Mr. Krikorian says he’s been facing that sort of ideological blackballing for years. He said it’s left-wing activists who fuel racist violence through attempts to silence important debates, sending people to the fringes.

“The number of cranks, small as it is, would be a whole lot smaller if mainstream debate permitted the articulation of concerns about loose borders and excessive immigration,” he said. “The SPLC and The New York Times and the whole bunch of them are actually fostering this demented discussion because they’re suppressing normal debate over a federal government program.”

That program is the immigration system, which Mr. Krikorian’s group argues needs more controls on legal immigration and a stricter approach to enforcing laws against illegal immigration.

It turns out that a large part of the public shares those views.

A major study by AP-NORC, a leading social science polling outfit, found that 36% of American adults want the overall number of immigrants to the U.S. reduced, while 39% say it should be kept the same. Just 25% said they want to see it increased.

When asked specifically about economic and cultural competition between native-born Americans and immigrants, 58% of adults in the December 2021 polling expressed some level of concern, AP-NORC found. And 32% said they believe there is an effort underway to “replace native-born Americans with immigrants who agree with their political views.”

Those are the basic tenets of Replacement Theory, the study said, and 17% of adults agreed with both statements.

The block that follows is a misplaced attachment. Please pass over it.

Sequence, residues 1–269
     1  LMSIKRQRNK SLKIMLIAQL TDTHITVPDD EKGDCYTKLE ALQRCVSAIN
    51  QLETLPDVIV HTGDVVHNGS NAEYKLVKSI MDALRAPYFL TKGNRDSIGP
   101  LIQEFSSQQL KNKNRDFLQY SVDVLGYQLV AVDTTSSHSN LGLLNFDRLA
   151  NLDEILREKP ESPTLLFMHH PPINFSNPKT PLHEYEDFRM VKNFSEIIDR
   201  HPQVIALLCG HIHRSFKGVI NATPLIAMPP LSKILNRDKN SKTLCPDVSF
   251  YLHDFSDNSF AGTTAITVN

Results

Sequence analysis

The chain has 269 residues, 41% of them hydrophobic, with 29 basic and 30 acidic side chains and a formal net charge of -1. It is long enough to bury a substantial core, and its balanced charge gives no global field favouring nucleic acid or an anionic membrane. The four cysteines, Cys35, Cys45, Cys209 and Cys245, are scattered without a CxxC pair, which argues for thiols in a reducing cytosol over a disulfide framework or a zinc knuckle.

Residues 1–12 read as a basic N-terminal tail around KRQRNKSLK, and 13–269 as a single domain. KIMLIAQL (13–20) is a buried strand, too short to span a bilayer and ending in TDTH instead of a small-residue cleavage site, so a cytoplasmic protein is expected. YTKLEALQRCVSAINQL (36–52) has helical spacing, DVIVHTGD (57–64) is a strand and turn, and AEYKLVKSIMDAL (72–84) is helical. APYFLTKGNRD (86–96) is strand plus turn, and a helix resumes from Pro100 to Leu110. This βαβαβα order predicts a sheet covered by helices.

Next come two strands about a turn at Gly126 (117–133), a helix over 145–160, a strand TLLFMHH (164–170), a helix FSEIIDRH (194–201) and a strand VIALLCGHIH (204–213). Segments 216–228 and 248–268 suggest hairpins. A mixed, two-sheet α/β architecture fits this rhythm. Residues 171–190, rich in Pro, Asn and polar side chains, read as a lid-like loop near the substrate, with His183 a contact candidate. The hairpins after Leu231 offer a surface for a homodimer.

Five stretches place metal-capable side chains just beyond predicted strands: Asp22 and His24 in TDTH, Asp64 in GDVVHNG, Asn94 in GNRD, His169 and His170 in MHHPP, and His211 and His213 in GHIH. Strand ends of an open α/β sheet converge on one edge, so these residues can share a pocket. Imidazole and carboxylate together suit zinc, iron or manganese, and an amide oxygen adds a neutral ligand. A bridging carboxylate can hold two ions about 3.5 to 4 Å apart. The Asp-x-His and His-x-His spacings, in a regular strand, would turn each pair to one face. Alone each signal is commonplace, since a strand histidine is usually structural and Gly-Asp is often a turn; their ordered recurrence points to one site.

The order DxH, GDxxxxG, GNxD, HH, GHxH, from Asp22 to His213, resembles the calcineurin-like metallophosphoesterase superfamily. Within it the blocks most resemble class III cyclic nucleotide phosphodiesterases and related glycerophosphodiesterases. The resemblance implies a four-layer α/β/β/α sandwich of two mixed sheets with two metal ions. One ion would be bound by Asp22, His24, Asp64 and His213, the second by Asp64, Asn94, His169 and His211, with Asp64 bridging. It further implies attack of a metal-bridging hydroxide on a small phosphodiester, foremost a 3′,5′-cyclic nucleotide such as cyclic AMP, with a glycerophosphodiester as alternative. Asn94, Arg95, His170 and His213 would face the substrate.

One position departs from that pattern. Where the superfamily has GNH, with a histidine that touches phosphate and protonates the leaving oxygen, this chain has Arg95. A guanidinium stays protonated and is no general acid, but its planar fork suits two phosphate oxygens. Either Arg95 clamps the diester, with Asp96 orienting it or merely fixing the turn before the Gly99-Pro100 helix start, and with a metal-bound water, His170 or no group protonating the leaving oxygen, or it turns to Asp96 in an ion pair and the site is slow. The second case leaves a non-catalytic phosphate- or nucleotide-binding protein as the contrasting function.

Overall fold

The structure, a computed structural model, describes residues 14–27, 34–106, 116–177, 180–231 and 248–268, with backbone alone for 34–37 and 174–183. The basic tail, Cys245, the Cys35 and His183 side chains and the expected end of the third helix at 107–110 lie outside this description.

AP-NORC went further, saying those feelings, and indeed a more general skepticism of immigration, were most prominent among White Americans who tend toward conspiratorial thinking.

Mr. Krikorian said it’s not surprising people believe there’s a shift in political power through demographic changes.

That’s also been the conclusion of Democratic strategists themselves, culminating in the “Hope and Change” coalition of young people, women and particularly voters of color who powered President Obama to two White House wins.

“The left that has been crowing triumphantly about the replacement of the existing American population with people they like better — i.e., more likely to go along with the plans of the left,” Mr. Krikorian said. “Conservatives in general, and people concerned about immigration control, have simply been responding to the promotion of this replacement idea by the left.”

The irony, Mr. Krikorian said, is that the replacement argument isn’t working out so well for Democrats, as evidenced by Mr. Trump’s ability to increase his share of Hispanic voters from 2016 to 2020.

“It might have worked politically in the sense of importing a reliable voting block for the Democrats if the Democrats had stayed a normal center-left part, but the left has gone so crazy, especially with this gender stuff and everything related to that, that the voters they thought they were importing, and their children, are voting Republican in increasing numbers,” he said.

• Stephen Dinan can be reached at sdinan@washingtontimes.com.